Some, like me, were raised atheists. I didnt know Christianity was still a living religion until I was 11 years old and moved to the city. Shocked was I, to put it mildly.

Does that help? If not please ask again and I will try to explain another way.
Lol! No offense taken Beli! I think I get Jon's post now, just takes a minute or two to digest

That's really interesting what you said about your own experience. Wouldn't your position then, be similar to someone who was raised in a fundamentalist Christian family and just accepted what they were told to believe, and that's why they're a christian? Like, what critical exploration have you made of the the various primary texts of religions? - Sorry if this sounds somewhat like the spanish inquistion- or if I have missed many previous posts where you have pointed this kinda stuff out. Just is interesting to me.
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Old 12-15-2004, 05:09 PM   #68
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Originally posted by NotAnEasyThing



In most of my conversations with athiests, it seems there has been a negative experience with christians/church etc. I am not saying that there has never been an intellegent well thought out and explored path that they have been on, just that it seems to me- often Atheism is a very emotive reactionary adopted position.

Please don't shoot me down in flames, I am not meaning to be disrespectful. Just want to ask if this is your experience too? Could it be that what you are rejecting is not so much God, as somebody's misrepresentative idea of God?

This has been my experience too, especially with younger people. It was a reaction to Christians, or a church, or people and their ways. It has always bugged me that some people would hold it against God when it was just the fault of a bunch of zealots getting on their nerves. I'm not saying this is you guys, only that I have seen a lot of it and this has been my experience with non believers.

To me I cannot live with the idea that we don't go on after we die, even our pets, there has to be something else. I cannot believe it was all for nothing.
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Old 12-15-2004, 05:13 PM   #69
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What do you call someone who has a generic belief in God in some form but not following any particular religion's dogma or rules? I know a lot of people like that.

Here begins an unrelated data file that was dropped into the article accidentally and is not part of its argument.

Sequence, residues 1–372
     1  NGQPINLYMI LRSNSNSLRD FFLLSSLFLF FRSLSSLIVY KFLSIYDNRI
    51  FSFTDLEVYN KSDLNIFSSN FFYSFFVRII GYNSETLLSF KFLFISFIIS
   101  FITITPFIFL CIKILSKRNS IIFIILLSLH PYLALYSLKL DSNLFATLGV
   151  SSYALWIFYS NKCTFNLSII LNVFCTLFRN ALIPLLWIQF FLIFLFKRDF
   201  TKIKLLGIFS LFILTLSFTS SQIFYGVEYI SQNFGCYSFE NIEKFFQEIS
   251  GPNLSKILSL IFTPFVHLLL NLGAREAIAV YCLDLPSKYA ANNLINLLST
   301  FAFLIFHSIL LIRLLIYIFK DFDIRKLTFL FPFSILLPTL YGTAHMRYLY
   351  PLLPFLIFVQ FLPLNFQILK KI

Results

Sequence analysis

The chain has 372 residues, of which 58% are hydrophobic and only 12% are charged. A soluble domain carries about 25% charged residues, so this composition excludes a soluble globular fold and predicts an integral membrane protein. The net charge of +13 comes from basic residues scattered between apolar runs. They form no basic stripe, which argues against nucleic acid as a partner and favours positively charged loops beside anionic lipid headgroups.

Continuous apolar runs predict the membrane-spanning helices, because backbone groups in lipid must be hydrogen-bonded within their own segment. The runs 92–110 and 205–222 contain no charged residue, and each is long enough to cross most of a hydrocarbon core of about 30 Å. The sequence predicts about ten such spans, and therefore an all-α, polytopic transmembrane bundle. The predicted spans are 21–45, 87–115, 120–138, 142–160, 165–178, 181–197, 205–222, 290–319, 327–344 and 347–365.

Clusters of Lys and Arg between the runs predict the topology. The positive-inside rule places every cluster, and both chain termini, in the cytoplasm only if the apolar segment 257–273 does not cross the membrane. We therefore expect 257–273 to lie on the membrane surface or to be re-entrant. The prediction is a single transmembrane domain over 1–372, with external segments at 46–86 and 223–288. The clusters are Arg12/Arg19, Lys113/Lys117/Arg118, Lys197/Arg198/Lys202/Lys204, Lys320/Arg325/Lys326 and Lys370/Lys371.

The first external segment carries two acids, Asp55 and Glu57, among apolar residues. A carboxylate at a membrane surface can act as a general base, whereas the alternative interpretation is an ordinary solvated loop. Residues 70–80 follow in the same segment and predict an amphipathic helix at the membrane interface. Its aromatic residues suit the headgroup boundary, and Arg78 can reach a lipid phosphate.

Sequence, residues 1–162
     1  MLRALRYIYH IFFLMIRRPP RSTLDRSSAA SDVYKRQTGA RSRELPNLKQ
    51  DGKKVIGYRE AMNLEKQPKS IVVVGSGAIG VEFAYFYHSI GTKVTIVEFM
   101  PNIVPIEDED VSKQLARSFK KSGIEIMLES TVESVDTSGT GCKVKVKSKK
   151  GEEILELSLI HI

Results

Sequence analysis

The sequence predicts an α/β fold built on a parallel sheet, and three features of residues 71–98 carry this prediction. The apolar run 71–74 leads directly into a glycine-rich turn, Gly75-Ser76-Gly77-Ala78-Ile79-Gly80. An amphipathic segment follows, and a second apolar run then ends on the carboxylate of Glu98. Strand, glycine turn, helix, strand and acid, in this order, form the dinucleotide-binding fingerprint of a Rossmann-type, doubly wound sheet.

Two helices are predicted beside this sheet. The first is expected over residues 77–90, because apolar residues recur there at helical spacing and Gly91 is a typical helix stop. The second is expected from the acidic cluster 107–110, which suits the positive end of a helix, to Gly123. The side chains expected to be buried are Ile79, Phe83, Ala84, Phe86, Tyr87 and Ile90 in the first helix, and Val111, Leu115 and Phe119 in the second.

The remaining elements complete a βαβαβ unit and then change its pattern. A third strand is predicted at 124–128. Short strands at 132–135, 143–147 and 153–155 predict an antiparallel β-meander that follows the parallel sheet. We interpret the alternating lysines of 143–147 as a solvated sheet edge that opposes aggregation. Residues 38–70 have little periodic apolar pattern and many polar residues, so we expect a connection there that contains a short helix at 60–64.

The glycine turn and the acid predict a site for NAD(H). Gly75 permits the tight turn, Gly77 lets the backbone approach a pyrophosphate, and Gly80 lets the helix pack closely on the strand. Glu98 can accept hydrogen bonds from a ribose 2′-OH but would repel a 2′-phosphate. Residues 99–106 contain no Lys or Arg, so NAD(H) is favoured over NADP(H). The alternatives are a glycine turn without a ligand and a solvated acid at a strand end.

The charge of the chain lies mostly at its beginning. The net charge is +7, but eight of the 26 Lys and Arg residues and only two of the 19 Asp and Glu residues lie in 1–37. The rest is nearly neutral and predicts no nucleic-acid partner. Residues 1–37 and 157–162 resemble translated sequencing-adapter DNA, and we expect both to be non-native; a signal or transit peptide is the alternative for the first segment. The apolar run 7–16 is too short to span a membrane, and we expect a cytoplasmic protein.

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Old 12-15-2004, 05:17 PM   #70
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Adolescence! LOL. I dont know that that counts. Thats hormonal thinking. As an adolscent my little sister attended a church, a Catholic church no less, solely to piss my atheist parents off.

But, I agree with you Kitten. If people are pissed off with organised religion then that should be the focus of their anger. Religion and gods are not necessarily tied together. I know a number of people who believe in the Christian God but wouldnt set foot in a church. (for whatever reason)
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Old 12-15-2004, 05:32 PM   #71
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Quote:
Originally posted by NotAnEasyThing
That's really interesting what you said about your own experience. Wouldn't your position then, be similar to someone who was raised in a fundamentalist Christian family and just accepted what they were told to believe, and that's why they're a christian? Like, what critical exploration have you made of the the various primary texts of religions?
Valid question. Actually its two questions. One about gods and one about religion

I have thought about gods. In my darkest hour I have even wished I could believe in a god - it would make life so much easier. But I find it difficult to believe that theres an all poweful being. Why would there be? Just me, I cant fathom that one.

I also cant believe that this sucky planet we call Earth is designed this way. Why would anyone design AIDs, famine, etc?